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Publication Detail
Modelling and simulation as research tools in paediatric drug development.
  • Publication Type:
    Journal article
  • Publication Sub Type:
    Journal Article
  • Authors:
    Bellanti F, Della Pasqua O
  • Publication date:
  • Pagination:
    75, 86
  • Journal:
    Eur J Clin Pharmacol
  • Volume:
    67 Suppl 1
  • Status:
  • Country:
  • Language:
  • Keywords:
    Child, Clinical Trials as Topic, Computer Simulation, Drug Design, Humans, Models, Biological, Pediatrics, Risk Assessment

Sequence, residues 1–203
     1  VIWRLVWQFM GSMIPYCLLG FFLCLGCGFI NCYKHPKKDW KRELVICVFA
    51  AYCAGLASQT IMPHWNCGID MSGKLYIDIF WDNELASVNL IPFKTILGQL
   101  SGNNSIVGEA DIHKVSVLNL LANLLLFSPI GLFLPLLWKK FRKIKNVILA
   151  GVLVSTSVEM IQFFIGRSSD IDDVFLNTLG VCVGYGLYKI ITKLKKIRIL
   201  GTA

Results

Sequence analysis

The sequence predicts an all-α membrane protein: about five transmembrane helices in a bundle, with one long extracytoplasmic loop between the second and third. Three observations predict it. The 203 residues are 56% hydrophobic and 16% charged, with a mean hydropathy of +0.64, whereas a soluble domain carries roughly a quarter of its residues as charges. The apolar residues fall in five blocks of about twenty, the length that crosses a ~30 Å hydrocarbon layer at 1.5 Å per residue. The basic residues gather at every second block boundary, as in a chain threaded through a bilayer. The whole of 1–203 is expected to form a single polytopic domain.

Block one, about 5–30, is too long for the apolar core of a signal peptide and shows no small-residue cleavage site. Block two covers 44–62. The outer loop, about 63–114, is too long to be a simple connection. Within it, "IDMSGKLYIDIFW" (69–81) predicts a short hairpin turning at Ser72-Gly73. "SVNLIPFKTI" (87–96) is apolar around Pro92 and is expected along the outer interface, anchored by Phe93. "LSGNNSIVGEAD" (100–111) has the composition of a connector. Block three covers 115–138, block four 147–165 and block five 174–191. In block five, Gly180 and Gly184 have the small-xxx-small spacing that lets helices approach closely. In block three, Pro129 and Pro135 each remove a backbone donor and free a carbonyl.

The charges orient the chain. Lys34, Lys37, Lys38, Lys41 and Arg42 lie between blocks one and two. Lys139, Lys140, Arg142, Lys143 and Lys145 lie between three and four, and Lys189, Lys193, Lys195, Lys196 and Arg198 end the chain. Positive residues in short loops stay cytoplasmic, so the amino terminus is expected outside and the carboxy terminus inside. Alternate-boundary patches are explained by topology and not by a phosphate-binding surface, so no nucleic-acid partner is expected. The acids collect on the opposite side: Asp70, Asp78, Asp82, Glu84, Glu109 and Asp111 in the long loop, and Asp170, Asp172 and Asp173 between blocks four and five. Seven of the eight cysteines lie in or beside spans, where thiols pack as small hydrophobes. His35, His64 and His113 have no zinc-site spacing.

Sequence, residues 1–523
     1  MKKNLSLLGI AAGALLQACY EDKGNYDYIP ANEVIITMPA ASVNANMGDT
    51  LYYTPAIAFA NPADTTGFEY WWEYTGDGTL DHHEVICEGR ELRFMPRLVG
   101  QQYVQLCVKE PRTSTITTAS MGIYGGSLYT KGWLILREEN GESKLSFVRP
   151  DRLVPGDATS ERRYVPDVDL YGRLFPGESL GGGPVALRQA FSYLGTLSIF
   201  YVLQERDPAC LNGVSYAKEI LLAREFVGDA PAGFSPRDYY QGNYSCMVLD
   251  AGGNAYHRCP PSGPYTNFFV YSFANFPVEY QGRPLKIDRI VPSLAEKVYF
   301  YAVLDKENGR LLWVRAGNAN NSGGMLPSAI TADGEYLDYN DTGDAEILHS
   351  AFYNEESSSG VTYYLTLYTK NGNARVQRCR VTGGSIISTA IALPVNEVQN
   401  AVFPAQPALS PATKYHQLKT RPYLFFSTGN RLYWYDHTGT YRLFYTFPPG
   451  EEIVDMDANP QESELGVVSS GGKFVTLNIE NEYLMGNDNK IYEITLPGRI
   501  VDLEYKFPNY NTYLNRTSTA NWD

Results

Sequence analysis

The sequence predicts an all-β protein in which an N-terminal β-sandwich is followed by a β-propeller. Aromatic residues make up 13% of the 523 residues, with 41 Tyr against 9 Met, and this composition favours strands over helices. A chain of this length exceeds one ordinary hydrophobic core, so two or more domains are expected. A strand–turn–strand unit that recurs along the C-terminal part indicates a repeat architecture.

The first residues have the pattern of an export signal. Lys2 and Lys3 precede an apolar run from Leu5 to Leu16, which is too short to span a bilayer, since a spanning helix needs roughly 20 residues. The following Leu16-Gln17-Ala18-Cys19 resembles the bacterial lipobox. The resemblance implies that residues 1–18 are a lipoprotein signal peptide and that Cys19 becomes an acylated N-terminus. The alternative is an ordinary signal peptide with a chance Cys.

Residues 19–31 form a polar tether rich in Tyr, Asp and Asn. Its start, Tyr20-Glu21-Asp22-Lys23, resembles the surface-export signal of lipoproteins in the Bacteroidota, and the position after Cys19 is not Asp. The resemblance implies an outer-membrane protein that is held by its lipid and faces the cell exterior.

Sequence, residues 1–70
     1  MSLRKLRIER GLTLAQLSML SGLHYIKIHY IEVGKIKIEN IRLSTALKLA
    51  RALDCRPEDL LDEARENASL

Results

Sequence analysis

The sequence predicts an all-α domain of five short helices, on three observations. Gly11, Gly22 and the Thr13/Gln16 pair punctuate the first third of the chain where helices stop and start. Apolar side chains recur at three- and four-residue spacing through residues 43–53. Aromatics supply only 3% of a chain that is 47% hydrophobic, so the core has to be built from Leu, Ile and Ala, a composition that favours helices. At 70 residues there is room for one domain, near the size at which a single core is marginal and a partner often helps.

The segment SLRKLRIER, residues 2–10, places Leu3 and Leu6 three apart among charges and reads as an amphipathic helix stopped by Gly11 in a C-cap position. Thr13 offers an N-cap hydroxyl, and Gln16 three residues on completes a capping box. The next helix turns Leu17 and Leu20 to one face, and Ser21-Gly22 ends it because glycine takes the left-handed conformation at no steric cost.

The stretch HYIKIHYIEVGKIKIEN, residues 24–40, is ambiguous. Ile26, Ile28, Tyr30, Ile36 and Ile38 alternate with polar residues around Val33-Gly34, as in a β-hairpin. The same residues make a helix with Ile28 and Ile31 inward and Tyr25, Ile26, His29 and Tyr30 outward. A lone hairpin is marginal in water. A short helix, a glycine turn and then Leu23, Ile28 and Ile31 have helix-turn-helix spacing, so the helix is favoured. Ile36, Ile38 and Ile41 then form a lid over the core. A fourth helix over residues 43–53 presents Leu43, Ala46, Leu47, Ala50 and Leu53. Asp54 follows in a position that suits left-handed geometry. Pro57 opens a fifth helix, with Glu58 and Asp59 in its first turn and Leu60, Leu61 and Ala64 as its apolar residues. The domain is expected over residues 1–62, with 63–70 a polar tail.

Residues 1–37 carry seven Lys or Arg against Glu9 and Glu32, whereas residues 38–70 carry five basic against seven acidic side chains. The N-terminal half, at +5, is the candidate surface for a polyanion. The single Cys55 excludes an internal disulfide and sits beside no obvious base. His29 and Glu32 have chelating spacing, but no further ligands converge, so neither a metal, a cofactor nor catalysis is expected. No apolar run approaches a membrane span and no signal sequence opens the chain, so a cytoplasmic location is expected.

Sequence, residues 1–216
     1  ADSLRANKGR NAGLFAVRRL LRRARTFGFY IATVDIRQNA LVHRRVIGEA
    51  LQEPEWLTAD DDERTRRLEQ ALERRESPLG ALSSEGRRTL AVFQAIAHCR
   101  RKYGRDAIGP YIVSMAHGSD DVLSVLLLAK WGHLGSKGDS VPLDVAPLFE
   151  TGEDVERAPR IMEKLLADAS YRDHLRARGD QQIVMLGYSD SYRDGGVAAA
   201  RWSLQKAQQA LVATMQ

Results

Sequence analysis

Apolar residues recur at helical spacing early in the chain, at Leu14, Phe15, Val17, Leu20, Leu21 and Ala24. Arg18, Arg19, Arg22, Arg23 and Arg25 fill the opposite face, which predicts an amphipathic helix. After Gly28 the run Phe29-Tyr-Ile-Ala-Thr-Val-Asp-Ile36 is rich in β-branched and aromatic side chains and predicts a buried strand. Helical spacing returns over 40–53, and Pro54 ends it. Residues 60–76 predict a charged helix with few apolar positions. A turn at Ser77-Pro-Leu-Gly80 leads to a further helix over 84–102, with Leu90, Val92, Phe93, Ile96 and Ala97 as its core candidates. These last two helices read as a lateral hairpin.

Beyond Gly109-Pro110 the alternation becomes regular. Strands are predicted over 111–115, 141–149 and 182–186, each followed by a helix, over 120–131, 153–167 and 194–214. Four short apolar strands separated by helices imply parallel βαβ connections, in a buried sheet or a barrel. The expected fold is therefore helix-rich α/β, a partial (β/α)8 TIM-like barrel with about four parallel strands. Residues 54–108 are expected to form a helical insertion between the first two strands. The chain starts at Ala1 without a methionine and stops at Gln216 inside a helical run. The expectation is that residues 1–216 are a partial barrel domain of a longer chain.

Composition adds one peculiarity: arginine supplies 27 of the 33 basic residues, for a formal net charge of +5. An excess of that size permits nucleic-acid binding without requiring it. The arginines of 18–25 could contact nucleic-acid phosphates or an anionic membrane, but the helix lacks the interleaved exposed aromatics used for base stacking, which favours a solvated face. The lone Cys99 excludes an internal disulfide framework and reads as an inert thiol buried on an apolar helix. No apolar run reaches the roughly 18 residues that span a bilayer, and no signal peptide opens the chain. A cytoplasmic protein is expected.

PURPOSE: Although practical and ethical constraints impose special requirements for the evaluation of treatment safety and efficacy in children, the main issue remains the empirical basis for patient stratification and dose selection at the early stage of the development of new chemical and biological entities. The aim of this review is to highlight the advantages and limitations of modelling and simulation (M&S) in supporting decision making during paediatric drug development. METHODS: A literature search on Pubmed's database Medical Subject Headings (MeSH) has been performed to retrieve relevant publications on the use of model-based approaches in paediatric drug development and therapeutics. RESULTS: M&S enable the assessment of the impact of different regimens as well as of different populations on a drug's safety and efficacy profile. It has been widely used in the last two decades to support pre-clinical and early clinical drug development. In fact, M&S have been applied to drug development as decision tools, as study optimization tools and as data analysis tools. In particular, this approach can be used to support dose adjustment in specific subgroups of a population. M&S may therefore allow the individualisation of drug therapy in children, improving the risk-benefit ratio in this population. CONCLUSIONS: The lack of consensus on how to assess the impact of developmental factors on pharmacokinetics, pharmacodynamics, efficacy and safety has so far prevented a broader use of M&S. This problem is compounded by the limited collaboration between stakeholders, which prevents data sharing in this field. In this article, we emphasise the need for a concerted effort to promote the effective use of this technology in paediatric drug development and avoid unnecessary exposure of children to clinical trials.
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